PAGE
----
- The Washington Times - Monday, February 10, 2003

The following are excerpts from a sermon given yesterday by the Rev. Tony Chung at the Korean Baptist Church of Washington in Silver Spring.
The Christian life is about being victorious, the Scripture tells us. Our passage from 1 John 5:1-5 says: "Everyone born of God overcomes the world. This is the victory."
You may feel like you're living in defeat. Where is the victory? Well, John tells us what the victory looks like we are "loving God and carrying out His commandments." You might say, "What? Obey His commandments? That sounds like the military. That doesn't sound like love."
But in fact, even love has rules. Think of how you love your spouse or your boyfriend of girlfriend. What are the rules? You commit to each other. You don't cheat. You spend time together. Those are all rules. You may also have to sacrifice money, time and energy but in love they don't feel like rules. We love to do them. To "obey God's commands" can sound burdensome, but it does not have to be that way if we "overcome the world."
The better translation for "overcome" is conquer. It comes from the same Greek word as the name of Nike, the winged goddess of victory. Everyone who wears Nike shoes wears a banner of victory. The word can conjure an image of wrestling. You take your opponent to the ground. And God says we can conquer like this, by faith through Jesus.
So what does "loving God" have to do with conquering the world? When Scripture says "the world," or "the principalities and powers," it speaks of the forces that pull us away from loving God and loving each other. Often that world is love of sex, money, power and prestige. Sinful man craves for things to go our way, not God's. We lust after what we see, and we want to appear important. All of these things, while not bad in themselves, easily end up opposing the loving of God and others, and that is the essence of being spiritual.
Loving God and others is also living the victorious Christian life. By our faith, we have not done the conquering. Christ has promised to do that for us in the spiritual realm. But through Jesus Christ, the world loses its power over us. The Christian life is about what God is doing through you. That's the beauty of it. The world is so full of temptations and obstacles, we want to say, "I can't overcome." You don't have to. Christ and the Spirit does it for you.
We participate in God's victory in the world by loving Him through obedience. Now, some of you will say, "Tony, I don't feel like a conqueror at all. There are all these things that Bible says I shouldn't do. I feel powerless. And now your saying, 'If you don't obey God, you don't love Him.'"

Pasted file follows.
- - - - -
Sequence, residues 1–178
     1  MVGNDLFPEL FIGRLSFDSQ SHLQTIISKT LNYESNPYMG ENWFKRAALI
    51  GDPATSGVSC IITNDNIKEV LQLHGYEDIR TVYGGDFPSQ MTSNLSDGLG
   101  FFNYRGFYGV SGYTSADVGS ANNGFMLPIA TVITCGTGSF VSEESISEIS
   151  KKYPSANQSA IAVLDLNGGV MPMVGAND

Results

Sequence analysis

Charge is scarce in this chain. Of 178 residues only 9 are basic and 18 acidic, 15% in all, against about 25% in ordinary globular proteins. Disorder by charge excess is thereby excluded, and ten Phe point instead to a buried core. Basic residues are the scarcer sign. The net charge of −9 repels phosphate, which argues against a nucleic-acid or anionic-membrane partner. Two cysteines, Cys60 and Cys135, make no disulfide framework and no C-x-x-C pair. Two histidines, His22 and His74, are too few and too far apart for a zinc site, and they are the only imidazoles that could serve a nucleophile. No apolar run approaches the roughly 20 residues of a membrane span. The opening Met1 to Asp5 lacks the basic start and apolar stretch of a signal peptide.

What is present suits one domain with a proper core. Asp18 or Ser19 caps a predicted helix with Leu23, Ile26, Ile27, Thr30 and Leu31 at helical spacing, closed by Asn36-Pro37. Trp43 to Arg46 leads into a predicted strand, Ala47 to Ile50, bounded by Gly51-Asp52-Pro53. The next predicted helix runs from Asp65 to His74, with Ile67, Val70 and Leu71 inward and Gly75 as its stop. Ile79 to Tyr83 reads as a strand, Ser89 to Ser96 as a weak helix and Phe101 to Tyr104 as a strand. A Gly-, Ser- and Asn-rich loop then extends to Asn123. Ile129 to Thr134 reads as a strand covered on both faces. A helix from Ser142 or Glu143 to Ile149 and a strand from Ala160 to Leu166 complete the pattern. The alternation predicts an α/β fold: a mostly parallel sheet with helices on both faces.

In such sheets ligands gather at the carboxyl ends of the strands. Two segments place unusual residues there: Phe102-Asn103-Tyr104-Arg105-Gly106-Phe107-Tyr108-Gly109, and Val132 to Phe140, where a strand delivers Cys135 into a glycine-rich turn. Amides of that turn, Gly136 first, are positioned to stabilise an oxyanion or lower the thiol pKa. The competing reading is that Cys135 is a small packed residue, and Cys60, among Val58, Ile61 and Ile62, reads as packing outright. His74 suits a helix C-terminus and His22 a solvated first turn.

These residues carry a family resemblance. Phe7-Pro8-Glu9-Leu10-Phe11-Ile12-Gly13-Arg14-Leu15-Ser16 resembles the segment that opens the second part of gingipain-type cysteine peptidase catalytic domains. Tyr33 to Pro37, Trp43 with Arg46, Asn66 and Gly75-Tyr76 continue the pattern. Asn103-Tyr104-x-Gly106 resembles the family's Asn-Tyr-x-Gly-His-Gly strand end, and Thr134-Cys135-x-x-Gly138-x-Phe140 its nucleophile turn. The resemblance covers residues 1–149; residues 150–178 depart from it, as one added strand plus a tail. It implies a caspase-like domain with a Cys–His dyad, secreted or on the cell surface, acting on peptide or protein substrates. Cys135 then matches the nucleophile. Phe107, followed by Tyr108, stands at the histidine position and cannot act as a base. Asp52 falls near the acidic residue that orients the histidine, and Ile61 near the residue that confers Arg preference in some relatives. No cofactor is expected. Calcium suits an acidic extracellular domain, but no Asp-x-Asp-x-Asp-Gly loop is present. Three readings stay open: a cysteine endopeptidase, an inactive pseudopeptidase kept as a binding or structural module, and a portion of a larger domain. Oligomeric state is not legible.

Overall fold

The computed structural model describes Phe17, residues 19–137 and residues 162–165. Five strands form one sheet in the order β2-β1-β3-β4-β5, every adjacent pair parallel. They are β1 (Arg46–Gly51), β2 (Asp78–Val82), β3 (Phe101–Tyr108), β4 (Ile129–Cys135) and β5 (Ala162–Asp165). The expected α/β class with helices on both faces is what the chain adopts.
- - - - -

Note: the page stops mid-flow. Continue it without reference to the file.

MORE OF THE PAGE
The key to this internal conflict is in taking small steps. We are all in the process of becoming spiritually whole. If we just try to tackle the big things, we may never see victory. Learn to obey the small things first. Some people, for example, may have a huge problem with lust or gossip. These may be too huge to overcome suddenly. And if you concentrate only on avoiding sin, you may not do anything positive. You may have a boring life. Sin is fun, at least in the short run. It is better to conquer by small steps. Conquer first by little acts of love. Learn to obey God that way first. Volunteer to do something once a week. Help a friend with homework. Give someone a ride. Care for someone who is distressed. These are positive steps.
In the movie "Schindler's List," the German businessman Oscar Schindler loved the world: He drank, gambled, womanized and was greedy. But when he became aware of the suffering of the Jews in the death camp, he took a little step to help. He gave them jobs. Then he gave away everything to save their lives. Suddenly, he is no longer a drinker, gambler and womanizer. The focus on sin was displaced by doing good. If we focus on doing good, the sins begin to fade from our lives.
Next week: a sermon given by Bishop Peter James Lee of the Diocese of Virginia.

Copyright © 2018 The Washington Times, LLC. Click here for reprint permission.

The Washington Times Comment Policy

The Washington Times welcomes your comments on Spot.im, our third-party provider. Please read our Comment Policy before commenting.


Click to Read More and View Comments

Click to Hide